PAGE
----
WILLIAM L. SCHERLIS is professor in the School of Computer Science at Carnegie Mellon University. He is director of CMU's Institute for Software Research (ISR) in the School of Computer Science and the founding director of CMU's Ph.D. program in software engineering. His research focuses on software assurance, software analysis, and assured safe concurrency. Dr. Scherlis has led the fluid project for more than a decade, which focuses on techniques and practices for scalable software assurance, leading to a family of tools for analysis-based verification, based primarily on sound static analysis but also including dynamic and heuristic analysis. Building on the use of fragmentary specifications, the project emphasizes issues of scalability, composability, and usability in the development of techniques to assure safe concurrency. Some of the technologies are commercialized through a Carnegie Mellon spinoff, and these versions have been applied to larger-scale systems including Hadoop, Java system libraries such as java.util.Concurrent, and diverse proprietary and open source systems such as app servers and simulation engines. Dr. Scherlis was principal investigator for the Carnegie Mellon/NASA High Dependability Computing Project (HDCP), in which CMU led a collaboration with five universities (MIT, USC, U Wash, U Md, U Wisc) to help NASA address long-term software dependability challenges. He is a fellow of the IEEE and has served on many National Academies committees, including the Panel on Review of the Information Technology Laboratory at the National Institute of Standards and Technology (2015-2016) and the Committee on Advancing Software-Intensive Systems Producibility (2006-2010). Dr. Scherlis has an A.B. in applied mathematics from Harvard College, and a Ph.D. in computer sciences from Stanford University.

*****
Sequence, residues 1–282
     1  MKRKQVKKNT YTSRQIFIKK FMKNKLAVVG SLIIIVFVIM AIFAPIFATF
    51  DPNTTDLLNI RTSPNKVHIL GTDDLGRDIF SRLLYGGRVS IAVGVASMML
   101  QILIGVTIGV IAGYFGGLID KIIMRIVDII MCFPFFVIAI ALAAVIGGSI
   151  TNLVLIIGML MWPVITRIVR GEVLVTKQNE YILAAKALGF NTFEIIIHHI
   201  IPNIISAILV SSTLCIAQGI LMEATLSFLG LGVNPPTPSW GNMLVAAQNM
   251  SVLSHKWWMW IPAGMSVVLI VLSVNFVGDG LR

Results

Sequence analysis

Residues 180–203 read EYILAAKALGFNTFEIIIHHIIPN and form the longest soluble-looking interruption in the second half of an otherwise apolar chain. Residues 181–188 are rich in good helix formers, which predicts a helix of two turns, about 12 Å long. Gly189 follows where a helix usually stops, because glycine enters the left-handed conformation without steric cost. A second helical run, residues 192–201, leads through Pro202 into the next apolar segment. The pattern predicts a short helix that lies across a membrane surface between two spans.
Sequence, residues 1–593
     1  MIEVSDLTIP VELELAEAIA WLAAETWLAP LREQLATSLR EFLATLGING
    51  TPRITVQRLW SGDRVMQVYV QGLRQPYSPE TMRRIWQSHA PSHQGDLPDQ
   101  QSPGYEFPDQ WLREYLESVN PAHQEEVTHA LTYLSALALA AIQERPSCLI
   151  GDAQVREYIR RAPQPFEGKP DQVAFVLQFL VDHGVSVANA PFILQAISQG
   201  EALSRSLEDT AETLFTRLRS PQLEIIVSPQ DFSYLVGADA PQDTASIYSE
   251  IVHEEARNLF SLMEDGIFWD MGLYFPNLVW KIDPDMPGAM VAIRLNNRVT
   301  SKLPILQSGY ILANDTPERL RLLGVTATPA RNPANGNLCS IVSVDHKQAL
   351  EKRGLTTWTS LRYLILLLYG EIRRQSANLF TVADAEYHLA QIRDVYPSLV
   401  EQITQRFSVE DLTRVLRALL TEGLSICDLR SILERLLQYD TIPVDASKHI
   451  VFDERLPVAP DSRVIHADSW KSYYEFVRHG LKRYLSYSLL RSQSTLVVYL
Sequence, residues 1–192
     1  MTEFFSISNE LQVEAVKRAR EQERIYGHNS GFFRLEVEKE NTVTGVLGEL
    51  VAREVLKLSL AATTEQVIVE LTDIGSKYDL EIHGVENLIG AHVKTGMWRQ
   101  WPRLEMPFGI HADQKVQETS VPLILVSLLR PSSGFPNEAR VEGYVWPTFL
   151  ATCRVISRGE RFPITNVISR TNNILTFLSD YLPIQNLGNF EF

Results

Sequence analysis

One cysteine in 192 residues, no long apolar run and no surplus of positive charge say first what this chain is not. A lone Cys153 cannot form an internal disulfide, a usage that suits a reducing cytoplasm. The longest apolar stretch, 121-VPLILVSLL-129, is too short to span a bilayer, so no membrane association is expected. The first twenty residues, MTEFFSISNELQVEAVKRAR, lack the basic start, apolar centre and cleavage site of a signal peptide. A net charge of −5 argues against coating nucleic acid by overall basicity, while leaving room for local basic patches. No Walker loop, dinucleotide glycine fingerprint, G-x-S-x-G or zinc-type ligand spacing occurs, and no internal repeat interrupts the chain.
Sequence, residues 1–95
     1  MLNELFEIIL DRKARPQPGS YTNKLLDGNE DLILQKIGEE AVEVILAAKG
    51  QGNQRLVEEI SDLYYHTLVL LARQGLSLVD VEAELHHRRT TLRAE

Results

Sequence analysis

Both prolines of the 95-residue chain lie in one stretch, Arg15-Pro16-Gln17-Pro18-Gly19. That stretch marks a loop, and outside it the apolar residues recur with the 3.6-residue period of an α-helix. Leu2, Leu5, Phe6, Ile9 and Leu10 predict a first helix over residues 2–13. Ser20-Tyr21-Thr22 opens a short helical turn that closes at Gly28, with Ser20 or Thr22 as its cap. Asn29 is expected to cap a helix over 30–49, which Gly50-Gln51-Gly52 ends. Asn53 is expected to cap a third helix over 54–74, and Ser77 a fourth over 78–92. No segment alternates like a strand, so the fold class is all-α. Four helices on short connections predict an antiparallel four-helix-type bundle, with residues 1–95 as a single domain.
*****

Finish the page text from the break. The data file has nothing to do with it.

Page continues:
LARS VILHUBER is on the faculty of the Department of Economics at Cornell University, a senior research associate at the ILR School at Cornell University, and executive director of ILR’s Labor Dynamics Institute. He is also senior research associate (IPA) at the Center for Economic Studies and LEHD Program at the U.S. Census Bureau. Dr. Vilhuber has worked in both research and government and he has consulted with government and statistical agencies in Canada and the United States. Currently, he conducts research on using and making available highly detailed longitudinally linked data to analyze the effects and causes of mass layoffs, worker mobility, and the dynamics of (local) labor markets. These data are generally subject to severe access restrictions. In order to make such data available to other researchers, Dr. Vilhuber also conducts research on statistical disclosure limitation issues, including the creation and dissemination of synthetic data, and investigates novel methods and tools to disseminate metadata on such data. He is currently principal investigator on numerous grants, including those that fund activities at the NSF-Census Research Network (NCRN) node at Cornell University. He is the lead principal investigator on the NCRN Coordinating Office. Dr. Vilhuber has an undergraduate degree in economics from Universität Bonn, Germany, and a Ph.D. in economics from Université de Montréal, Canada.